For me, Shadow and Bone is too simple and generic. How many magic-orphan-saves-the-world-while-navagating-a-love-triangle stories do we need? Since I’ve read books like this before, I didn’t feel the suspense. I knew that Mal and Alina would ultimately succeed in thwarting the Darkling. There wasn’t enough real danger. Maybe that’s because I had a hard time picturing the Fold. Is it just a black spot full of screaming human-birds? I know that this book is part of a series, and the characters and world will become more developed in the next books, but I wanted to feel the characters’ fear. The Fold doesn’t scare me. The characters aren’t developed enough for me to really care about them.

Judging by the Goodreads reviews, people like the Russian aspects of this book. My family is from Russia, so I know it’s a fascinating, complicated place. For me, there isn’t enough Russia in the book. The setting seems like a typical fantasy setting sprinkled with awkward Russian-sounding words. It’s all very surface-level. I would have liked to see more of the culture. Alina grew up in this world. What was her childhood like? Why did she join the military? What’s up with these border wars? What makes this country unique? Maybe these things are shown later, but I wanted them now. I’m impatient like that.

Shadow and Bone was kinda disappointing. I’m still on the hunt for a unique fantasy book.

“They are orphans again, with no true home but each other and whatever life they can make together on the other side of the sea.”  - Shadow and Bone

Monday, August 21, 2017

Review: Cold Summer – Gwen Cole

Cold Summer – Gwen Cole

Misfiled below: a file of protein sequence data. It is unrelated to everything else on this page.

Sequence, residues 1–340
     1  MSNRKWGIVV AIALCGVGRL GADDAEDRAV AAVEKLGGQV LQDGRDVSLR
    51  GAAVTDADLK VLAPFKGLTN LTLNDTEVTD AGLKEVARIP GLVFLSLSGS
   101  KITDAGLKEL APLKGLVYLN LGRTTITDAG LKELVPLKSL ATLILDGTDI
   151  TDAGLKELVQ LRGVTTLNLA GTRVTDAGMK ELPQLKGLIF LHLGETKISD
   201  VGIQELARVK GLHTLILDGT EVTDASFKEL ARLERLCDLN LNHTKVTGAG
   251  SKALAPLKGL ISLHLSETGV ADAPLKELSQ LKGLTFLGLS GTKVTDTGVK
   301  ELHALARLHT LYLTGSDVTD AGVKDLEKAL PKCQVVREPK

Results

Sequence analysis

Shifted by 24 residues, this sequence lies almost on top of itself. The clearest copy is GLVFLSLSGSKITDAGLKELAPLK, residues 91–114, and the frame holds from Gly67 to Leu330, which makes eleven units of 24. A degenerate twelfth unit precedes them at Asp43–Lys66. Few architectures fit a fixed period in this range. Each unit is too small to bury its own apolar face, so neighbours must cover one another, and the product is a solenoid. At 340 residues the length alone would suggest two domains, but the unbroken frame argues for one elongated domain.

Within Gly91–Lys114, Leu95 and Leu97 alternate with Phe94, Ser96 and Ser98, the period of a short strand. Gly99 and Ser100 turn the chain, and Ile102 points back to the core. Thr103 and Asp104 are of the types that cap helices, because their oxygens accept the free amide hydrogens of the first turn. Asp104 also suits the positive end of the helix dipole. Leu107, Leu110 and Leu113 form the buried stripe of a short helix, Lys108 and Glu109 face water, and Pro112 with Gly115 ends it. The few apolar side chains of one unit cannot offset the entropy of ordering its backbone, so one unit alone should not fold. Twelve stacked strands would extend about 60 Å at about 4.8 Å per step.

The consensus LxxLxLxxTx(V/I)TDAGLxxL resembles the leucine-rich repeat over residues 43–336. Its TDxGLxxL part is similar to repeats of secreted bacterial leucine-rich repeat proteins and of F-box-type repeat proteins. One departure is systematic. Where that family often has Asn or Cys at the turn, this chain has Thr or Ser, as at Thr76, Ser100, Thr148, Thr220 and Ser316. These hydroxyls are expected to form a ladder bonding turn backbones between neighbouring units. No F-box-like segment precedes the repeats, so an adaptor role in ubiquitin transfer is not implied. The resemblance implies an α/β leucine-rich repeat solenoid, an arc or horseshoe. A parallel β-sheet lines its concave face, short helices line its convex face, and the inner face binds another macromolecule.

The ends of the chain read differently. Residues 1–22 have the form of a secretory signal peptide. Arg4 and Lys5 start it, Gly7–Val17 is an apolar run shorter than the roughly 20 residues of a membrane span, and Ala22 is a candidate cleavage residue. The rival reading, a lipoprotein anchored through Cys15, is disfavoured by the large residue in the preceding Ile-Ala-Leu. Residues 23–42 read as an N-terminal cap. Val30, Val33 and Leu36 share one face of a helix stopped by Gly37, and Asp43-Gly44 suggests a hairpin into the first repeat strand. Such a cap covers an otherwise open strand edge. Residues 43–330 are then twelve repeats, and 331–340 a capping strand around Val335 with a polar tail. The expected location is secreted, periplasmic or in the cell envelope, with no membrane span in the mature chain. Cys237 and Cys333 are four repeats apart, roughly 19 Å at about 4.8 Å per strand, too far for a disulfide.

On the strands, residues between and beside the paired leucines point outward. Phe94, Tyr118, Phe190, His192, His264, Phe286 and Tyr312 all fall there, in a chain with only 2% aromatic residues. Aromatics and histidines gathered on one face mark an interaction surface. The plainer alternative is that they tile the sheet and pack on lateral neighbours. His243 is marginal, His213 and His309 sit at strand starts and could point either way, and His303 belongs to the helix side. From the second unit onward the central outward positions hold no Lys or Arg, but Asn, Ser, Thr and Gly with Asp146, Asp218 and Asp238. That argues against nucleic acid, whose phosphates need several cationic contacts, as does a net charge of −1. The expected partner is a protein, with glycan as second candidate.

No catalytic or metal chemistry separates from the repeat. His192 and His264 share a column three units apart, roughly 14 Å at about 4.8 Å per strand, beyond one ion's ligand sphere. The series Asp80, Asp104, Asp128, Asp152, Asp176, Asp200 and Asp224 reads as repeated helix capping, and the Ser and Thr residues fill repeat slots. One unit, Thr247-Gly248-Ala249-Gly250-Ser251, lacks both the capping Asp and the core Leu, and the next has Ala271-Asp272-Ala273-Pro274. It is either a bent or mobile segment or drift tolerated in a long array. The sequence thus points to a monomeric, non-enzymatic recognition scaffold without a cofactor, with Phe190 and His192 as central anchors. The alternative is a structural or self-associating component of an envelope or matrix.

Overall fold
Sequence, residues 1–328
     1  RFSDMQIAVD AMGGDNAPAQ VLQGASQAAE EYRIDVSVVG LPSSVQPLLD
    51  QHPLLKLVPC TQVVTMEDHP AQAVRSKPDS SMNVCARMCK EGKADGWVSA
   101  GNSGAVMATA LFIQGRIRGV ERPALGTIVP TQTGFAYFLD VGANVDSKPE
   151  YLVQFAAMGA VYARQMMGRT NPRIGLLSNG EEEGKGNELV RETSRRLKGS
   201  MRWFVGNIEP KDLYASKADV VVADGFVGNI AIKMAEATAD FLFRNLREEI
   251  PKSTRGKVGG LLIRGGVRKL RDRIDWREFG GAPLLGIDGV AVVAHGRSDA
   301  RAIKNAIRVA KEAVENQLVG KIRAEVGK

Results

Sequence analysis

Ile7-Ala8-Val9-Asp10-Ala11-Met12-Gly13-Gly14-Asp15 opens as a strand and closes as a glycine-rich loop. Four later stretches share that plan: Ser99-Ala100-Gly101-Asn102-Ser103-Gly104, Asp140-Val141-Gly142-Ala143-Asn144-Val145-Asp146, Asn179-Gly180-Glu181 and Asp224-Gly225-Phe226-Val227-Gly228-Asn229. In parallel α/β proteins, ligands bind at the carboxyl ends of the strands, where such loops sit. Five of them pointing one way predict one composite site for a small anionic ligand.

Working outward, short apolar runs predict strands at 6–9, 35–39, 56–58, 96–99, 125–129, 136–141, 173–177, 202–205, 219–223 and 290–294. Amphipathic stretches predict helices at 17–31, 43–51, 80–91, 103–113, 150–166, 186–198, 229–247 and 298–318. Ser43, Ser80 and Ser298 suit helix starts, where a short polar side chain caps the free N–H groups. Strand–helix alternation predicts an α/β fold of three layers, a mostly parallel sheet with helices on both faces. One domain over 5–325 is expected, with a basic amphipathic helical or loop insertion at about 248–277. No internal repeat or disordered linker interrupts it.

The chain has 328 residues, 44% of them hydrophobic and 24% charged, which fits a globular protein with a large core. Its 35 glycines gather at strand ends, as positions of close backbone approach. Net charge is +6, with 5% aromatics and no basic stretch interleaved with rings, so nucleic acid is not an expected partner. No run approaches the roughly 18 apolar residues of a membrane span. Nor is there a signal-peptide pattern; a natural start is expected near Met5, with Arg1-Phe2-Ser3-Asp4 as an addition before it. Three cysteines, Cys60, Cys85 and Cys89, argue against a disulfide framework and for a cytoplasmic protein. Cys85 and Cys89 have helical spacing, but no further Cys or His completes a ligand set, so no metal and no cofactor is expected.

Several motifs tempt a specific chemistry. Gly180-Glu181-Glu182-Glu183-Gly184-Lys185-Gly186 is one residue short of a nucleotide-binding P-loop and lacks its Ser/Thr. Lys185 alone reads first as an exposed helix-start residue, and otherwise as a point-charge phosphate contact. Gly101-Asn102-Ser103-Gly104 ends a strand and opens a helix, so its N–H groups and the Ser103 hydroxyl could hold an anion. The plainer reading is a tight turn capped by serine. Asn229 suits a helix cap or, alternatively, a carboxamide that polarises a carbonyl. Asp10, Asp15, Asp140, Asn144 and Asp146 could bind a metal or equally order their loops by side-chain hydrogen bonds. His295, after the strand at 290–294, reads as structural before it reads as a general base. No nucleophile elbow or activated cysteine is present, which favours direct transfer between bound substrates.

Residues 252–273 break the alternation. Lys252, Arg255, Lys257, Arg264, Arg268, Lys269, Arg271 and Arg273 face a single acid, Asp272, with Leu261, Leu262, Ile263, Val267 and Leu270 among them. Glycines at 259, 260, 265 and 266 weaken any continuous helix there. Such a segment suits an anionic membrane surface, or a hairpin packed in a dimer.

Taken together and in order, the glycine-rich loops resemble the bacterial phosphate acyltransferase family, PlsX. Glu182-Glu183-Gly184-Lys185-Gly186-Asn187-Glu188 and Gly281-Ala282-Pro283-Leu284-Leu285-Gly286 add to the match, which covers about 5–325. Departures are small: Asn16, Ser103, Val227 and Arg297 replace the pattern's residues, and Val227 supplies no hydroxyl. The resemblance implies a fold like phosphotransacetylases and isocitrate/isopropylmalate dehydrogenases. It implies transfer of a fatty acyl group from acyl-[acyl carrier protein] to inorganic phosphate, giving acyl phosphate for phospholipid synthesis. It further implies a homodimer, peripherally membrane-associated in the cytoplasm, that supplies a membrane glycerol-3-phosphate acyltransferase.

Today, he’s a high school dropout with no future.

Tomorrow, he’s a soldier in World War II. 
Kale Jackson has spent years trying to control his time-traveling ability but hasn’t had much luck. One day he lives in 1945, fighting in the war as a sharpshooter and helplessly watching soldiers—friends—die. Then the next day, he’s back in the present, where WWII has bled into his modern life in the form of PTSD, straining his relationship with his father and the few friends he has left. Every day it becomes harder to hide his battle wounds, both physical and mental, from the past. 
When the ex-girl-next-door, Harper, moves back to town, thoughts of what could be if only he had a normal life begin to haunt him. Harper reminds him of the person he was before the PTSD, which helps anchor him to the present. With practice, maybe Kale could remain in the present permanently and never step foot on a battlefield again. Maybe he can have the normal life he craves. 
But then Harper finds Kale’s name in a historical article—and he’s listed as a casualty of the war. Kale knows now that he must learn to control his time-traveling ability to save himself and his chance at a life with Harper. Otherwise, he’ll be killed in a time where he doesn’t belong by a bullet that was never meant for him.

Review: I wasn’t sure if I wanted to read this book because the main character’s name is Kale. Kale. Like that icky faux lettuce your mom tells you to eat.

But, this Kale can time-travel, and I can’t pass up a time-travel story. So, here we are. Reading about Kale.